Commodities slid from the highest level in almost six months on speculation that the threat to energy and agricultural supplies from escalating tension in Ukraine’s Crimea region may be exaggerated.
The Standard & Poor’s GSCI Index of 24 raw materials declined as much as 1.2 percent to 652.05, after surging 1.6 percent yesterday to the highest level since Sept. 6. The gauge was at 653.58 as of 12:23 p.m. in London. Brent crude lost 1.5 percent, wheat slid 1.1 percent in Chicago, and gold futures fell 1.3 percent in New York. Corn also dropped.
Commodity prices slid today after Russian President Vladimir Putin ordered soldiers in western Russia to return to their bases by the end of the week after military exercises ended on schedule. Global stocks fell the most in a month yesterday and haven assets soared after Russia, the world’s largest energy exporter, seized control of the Black Sea region of Crimea in Ukraine.
"The selloff is expected given the recent price spikes, as no one really believes that there’s going to be an all-out war in Europe," said Gordon Kwan, the head of regional oil and gas research at Nomura Holdings Inc. in Hong Kong. "Oil prices should ease back."
The GSCI’s 14-day Relative Strength Index rose to almost 73 yesterday as prices surged. Readings above 70 signal to some investors that gains may have been excessive. It was at 63.5 today. The index advanced 3.4 percent this year, rebounding from a 2.2 percent drop in 2013.
Wheat surged the most since 2012 yesterday on speculation the crisis may cut exports from Ukraine, which is set to be the world’s sixth-largest exporter this year. Oil jumped on concern Russian shipments may be disrupted.
"What’s happening in Russia was hyped up, a bit overblown," said Soeren Bo Duvier Nielsen, a senior energy sales manager at Nordea Markets in Singapore.
Brent fell as much as $2.09, or 1.9 percent, to $109.11 a barrel on the ICE Futures Europe Exchange in London. West Texas Intermediate crude slid $1.44 to $103.48 a barrel in New York.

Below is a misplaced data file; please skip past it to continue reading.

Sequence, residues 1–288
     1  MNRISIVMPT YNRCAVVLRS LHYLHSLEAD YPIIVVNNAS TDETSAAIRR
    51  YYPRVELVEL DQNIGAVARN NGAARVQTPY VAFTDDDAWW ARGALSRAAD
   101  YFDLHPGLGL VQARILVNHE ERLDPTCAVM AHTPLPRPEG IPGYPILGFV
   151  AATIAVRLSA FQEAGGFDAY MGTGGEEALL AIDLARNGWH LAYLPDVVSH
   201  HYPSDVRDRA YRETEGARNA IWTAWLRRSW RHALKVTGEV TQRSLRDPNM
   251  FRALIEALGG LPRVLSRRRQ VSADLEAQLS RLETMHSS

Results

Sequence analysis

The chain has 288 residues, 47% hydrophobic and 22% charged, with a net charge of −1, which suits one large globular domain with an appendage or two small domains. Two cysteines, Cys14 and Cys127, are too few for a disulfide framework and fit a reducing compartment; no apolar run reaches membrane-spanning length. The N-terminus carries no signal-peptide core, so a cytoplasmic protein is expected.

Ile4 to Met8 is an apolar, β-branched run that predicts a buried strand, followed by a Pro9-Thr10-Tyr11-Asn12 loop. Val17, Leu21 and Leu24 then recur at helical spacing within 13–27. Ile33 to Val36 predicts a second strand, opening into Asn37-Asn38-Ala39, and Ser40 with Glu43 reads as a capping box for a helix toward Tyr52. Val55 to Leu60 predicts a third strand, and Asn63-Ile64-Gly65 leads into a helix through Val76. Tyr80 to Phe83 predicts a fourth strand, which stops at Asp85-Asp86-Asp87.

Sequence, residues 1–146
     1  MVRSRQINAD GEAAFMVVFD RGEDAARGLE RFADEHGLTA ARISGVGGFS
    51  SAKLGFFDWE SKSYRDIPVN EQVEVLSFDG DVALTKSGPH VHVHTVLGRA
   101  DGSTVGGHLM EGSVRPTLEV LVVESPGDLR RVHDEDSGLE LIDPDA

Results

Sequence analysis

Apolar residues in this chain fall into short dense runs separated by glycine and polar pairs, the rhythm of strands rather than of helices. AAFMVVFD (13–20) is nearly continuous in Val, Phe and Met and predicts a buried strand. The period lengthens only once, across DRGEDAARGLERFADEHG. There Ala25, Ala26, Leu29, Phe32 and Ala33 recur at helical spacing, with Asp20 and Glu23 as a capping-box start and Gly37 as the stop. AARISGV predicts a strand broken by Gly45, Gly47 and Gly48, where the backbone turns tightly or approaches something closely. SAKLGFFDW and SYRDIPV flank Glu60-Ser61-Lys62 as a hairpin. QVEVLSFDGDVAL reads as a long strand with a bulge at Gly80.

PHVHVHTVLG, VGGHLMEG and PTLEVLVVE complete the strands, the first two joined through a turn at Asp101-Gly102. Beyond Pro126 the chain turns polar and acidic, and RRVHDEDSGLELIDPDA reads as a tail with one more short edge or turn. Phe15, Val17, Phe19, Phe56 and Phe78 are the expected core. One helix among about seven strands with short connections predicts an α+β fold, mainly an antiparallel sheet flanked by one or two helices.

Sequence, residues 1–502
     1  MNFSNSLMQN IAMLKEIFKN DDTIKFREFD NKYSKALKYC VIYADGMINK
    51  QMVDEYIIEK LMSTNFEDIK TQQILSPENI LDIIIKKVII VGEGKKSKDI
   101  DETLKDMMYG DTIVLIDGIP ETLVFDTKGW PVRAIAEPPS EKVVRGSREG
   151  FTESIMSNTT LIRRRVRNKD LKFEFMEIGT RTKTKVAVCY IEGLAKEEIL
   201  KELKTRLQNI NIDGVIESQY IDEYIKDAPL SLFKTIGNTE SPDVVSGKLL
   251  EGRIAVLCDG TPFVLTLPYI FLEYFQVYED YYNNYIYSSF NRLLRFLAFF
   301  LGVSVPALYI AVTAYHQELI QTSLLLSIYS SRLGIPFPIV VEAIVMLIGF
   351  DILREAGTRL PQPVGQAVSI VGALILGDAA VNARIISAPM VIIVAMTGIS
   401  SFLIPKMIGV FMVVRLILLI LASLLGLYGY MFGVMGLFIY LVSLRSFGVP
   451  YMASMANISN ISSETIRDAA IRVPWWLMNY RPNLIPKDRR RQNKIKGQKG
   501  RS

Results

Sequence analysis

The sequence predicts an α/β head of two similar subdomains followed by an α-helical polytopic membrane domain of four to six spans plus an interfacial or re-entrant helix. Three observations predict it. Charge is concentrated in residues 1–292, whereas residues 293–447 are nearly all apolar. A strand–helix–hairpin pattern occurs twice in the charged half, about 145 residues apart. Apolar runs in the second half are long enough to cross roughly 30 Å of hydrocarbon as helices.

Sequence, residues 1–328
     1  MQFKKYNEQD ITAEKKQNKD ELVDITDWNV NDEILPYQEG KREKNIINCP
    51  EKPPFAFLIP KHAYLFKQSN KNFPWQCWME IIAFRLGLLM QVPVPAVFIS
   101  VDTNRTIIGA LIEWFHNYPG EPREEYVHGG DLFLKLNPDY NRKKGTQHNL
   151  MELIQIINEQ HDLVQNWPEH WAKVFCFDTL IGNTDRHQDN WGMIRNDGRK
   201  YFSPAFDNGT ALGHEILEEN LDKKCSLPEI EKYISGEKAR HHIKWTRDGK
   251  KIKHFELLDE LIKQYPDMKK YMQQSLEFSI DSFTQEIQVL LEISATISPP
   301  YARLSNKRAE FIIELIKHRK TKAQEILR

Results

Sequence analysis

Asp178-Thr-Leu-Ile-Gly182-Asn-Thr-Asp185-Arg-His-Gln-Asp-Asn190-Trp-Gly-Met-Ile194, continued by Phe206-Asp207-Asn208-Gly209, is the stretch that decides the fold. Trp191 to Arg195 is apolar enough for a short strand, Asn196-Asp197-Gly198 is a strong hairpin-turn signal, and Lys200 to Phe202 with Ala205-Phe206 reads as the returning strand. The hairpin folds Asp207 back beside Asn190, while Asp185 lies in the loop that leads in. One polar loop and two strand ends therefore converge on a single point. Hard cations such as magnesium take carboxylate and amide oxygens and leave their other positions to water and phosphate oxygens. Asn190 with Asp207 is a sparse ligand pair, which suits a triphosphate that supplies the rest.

About 313,000 barrels of crude a day traveled through Ukraine in 2013, according to the country’s Energy Ministry. The southern branch of the Druzhba pipeline, which transports about 1.2 million barrels of Russian oil to Europe, passes through Ukraine on its way to refineries in Hungary, Slovakia and the Czech Republic.
"Oil markets’ concerns are misplaced," Michael Wittner, the head of oil-market research at Societe Generale SA in New York, said in an e-mailed report. "If Russia were to cut off crude oil exports through Ukraine, they would be hurting themselves more than they would hurt Ukraine."
Wheat for May delivery lost as much as 1.6 percent to $6.215 a bushel on the Chicago Board of Trade after jumping 4.9 percent yesterday. Corn slid as much as 1.1 percent to $4.6525 a bushel after yesterday reaching $4.8275, the highest price since Sept. 3.
Loading of Ukrainian grain for exports may remain unaffected by the threat of military conflict with Russia, Agritel SA said yesterday. Archer-Daniels-Midland Co., a grain trader, hasn’t seen a significant effect on its business in the country, it said in a statement.
Ukraine is forecast to ship 18.3 million metric tons of corn in the 2013-2014 season through June from 13.6 million tons a year earlier to become the top exporter after Brazil and the U.S., according to the International Grains Council. The nation may boost wheat exports this season to 9.5 million tons from 7.1 million a year earlier, making it the sixth-biggest supplier, according to the IGC.
Putin attended the final day of the drills in the Leningrad region yesterday, according to a statement on the Kremlin’s website. The Defense Ministry held the drills, involving about 150,000 troops, across several regions near the border with Ukraine from Feb. 26 to March 3.
"First he comes out with the army, then he apparently pulls back, but who knows for sure?" said Dominic Schnider, the head of commodities research at UBS AG’s wealth-management unit in Singapore.
The Kremlin continues to have 16,000 troops deployed in Ukraine’s Crimea region, after ousted president and Putin ally Viktor Yanukovych fled to Russia. Russian forces ordered Ukrainian warships in Crimea to surrender, Ukraine’s acting President Oleksandr Turchynov said yesterday.
Putin said today he’s not considering adding Crimea to Russia and that Russia would send troops into Ukraine only in an extreme case.
Gold slid from the highest level in four months. Futures for April delivery declined as much as 1.4 percent to $1,331.60 an ounce on the Comex in New York. Prices climbed to $1,355 yesterday, the highest for a most-active contract since Oct. 30, as the crisis boosted demand for a haven.
"We view any material restriction on global commodity trade as unlikely, and thus physical-market impacts should be limited," Morgan Stanley analysts Adam Longson and Bennett Meier wrote in a report. "Geopolitical risk premiums fade without a physical disruption, with prices often lower three to six months later."